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Study of Lung Structure and Function with Aerosols.

Palmes ED
Institute of Environmental Medicine, New York Medical Center, :11 pages
A discussion was presented on progress made from October 1, 1966, through December 31, 1970, on the use of aerosols in the measurement of the dimensions of air spaces in the human lung. This investigation was expected to result in the development of diagnostic procedures useful in characterizing chronic obstructive pulmonary disease, a general term including chronic bronchitis and emphysema, either singly or both together. The breathing apparatus was completely redesigned to incorporate many superior features, both in control of the breathing sequence and in aerosol measurement. The redesigned apparatus was tested in Bellevue Hospital on patients having bronchitis with emphysema, on patients having emphysema without bronchitis, and on normal subjects. During the latter half of 1970, the apparatus was set up at the Appalachian Laboratories for Occupational Respiratory Diseases, where it was undergoing further testing. From these results, it was possible to construct curves showing the effect of depth of inhalation of the aerosol bolus and time of breath holding, as well as to estimate the fraction of aerosol deposited or not deposited at 0, 10, and 20 seconds breath holding times. Theoretical considerations concerning the behavior of aerosols in small confined spaces were briefly discussed. However, there was no acceptable model for the interaction of aerosol particles with lung surfaces. The author notes that additional information is being obtained with this system on some mechanisms for pulmonary ventilation and particle behavior.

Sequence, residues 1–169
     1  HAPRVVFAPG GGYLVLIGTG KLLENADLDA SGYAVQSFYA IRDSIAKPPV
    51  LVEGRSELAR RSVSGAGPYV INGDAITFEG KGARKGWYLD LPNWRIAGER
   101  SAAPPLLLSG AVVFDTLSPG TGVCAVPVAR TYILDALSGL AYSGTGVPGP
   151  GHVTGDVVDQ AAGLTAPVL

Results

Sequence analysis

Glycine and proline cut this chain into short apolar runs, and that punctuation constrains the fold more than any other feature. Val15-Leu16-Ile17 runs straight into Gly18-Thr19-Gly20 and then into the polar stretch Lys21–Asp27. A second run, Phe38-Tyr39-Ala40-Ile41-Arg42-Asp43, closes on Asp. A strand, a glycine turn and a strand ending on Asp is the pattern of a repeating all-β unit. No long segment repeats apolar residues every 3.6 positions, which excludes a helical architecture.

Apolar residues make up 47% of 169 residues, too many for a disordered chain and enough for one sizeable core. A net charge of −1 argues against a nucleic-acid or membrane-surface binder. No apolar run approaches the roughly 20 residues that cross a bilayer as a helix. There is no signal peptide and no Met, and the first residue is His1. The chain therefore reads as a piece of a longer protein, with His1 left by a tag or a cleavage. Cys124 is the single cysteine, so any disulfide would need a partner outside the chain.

NIOSH-Grant; Pulmonary-function; Humans; Diagnostic-techniques; Pulmonary-system-disorders; Spirometry; Respiratory-gas-transport; Airway-obstruction; Physiopathology;
Environmental Medicine New York Univ Med Ctr 550 First Avenue New York, N Y 10016
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Institute of Environmental Medicine, New York Medical Center 11 pages, 5 references
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New York University, New York, New York
Page last reviewed: September 2, 2020
Content source: National Institute for Occupational Safety and Health Education and Information Division